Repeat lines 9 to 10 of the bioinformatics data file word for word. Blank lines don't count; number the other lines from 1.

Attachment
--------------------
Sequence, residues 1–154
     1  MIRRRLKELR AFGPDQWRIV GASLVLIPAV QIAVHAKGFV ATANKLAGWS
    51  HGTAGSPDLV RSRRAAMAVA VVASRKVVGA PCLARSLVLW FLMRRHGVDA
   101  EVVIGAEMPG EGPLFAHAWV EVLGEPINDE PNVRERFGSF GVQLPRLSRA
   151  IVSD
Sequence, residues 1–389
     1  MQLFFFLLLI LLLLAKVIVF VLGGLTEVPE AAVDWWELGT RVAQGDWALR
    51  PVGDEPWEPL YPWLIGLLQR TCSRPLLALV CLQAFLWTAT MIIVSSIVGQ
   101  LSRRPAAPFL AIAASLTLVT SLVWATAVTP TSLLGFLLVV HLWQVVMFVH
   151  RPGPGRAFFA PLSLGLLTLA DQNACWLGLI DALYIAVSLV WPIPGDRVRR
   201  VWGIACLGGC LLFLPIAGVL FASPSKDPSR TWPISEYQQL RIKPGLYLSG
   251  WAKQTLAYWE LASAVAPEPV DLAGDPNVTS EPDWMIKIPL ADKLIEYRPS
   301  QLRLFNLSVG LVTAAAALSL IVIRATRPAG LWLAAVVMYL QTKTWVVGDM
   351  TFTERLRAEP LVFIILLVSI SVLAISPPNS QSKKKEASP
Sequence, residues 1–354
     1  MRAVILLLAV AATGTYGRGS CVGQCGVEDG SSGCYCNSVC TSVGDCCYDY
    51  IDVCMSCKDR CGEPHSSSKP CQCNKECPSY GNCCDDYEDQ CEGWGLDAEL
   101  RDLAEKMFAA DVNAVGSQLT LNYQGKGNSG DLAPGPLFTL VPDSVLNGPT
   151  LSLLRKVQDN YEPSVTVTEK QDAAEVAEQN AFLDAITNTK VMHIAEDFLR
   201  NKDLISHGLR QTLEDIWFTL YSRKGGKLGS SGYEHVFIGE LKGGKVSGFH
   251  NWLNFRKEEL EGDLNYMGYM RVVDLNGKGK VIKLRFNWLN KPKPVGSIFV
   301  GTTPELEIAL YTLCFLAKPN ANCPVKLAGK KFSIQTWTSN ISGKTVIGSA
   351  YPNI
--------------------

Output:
   101  LSRRPAAPFL AIAASLTLVT SLVWATAVTP TSLLGFLLVV HLWQVVMFVH
   151  RPGPGRAFFA PLSLGLLTLA DQNACWLGLI DALYIAVSLV WPIPGDRVRR